Beyond the Portable Screen

A relatively new and immensely popular technology, the tablet-computer is beginning to focus on young children as a market creating a fundamental change in the nature of childhood.  But what really happens when we expose our young children to portable screens?  


The American Academy of Pediatrics strongly discourage the exposure of children under the age of 2 to multimedia media devices and limits screen time to less than an hour a day for preschool children.  No actual research has been published about the effects of tablets on the developing mind and body of young children but child experts have expressed their concern through popular press.  


Most of these published articles suggest that during the age 0-6 years, the child’s brain develops rapidly and learning comes best when interacting with people but the solitary nature of tablet activity hinders this learning process leading to a slow-down in language development and communication skills.  Also, as the child focuses more on the screen, there’s a growing inability to focus more on the conversation and social interaction.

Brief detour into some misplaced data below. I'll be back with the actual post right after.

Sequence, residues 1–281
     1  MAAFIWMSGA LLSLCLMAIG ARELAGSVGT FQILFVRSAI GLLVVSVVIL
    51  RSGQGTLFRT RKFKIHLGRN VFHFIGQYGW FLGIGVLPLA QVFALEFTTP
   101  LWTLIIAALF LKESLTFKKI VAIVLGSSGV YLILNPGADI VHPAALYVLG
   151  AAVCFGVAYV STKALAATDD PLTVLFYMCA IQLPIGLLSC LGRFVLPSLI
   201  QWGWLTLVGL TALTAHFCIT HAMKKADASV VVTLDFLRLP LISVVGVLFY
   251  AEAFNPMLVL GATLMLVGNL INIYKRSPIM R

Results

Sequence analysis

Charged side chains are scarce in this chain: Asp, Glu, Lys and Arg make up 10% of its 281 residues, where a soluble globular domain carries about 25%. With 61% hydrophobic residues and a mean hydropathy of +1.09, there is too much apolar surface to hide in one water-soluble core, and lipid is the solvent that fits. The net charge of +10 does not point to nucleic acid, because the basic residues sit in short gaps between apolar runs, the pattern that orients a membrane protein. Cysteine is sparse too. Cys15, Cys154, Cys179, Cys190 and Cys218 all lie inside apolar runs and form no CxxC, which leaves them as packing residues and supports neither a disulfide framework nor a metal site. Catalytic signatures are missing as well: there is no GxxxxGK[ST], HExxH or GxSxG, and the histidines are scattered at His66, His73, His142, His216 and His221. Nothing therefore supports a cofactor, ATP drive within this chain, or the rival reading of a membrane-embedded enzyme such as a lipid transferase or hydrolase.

Pediatricians and other health experts also raised a red flag on its effect to the physical development of a child.  Spending too much sedentary time on the tablet limits movement and leads to poor posture and body balance, some delays in fine motor skills, as well as muscle weakness in some areas of the child’s body. 


Another rising concern is the correlation between ADHD (Attention Deficit Hyperactivity Disorder)and the tablet.  Many child experts believe that the surge in ADHD cases coincides with the increase usage of portable devices but scientific research is yet to prove a direct link between the two.  A child in front of a portable screen seemed focus and shows a lot of concentration but experts say it is not so.  

The child’s brain is actually working harder to process the barrage of information and fast movement of the screen.  The much increase in brain activity makes it difficult for the child to focus on one task.  When the brain is used to this fast-paced virtual world, it is a struggle to adapt to the real world because of its much slower pace.  After putting down the tablet, the child becomes more distracted because the real world is underwhelming, dragging, and less interesting.  

What parents can do minimize the impact of this new technology is to limit the time of device usage and maximize its educational benefits by downloading age-appropriate and child-friendly applications.  Research about the tablet and its effect to the young minds is so recent that there’s still a lot more we need to know.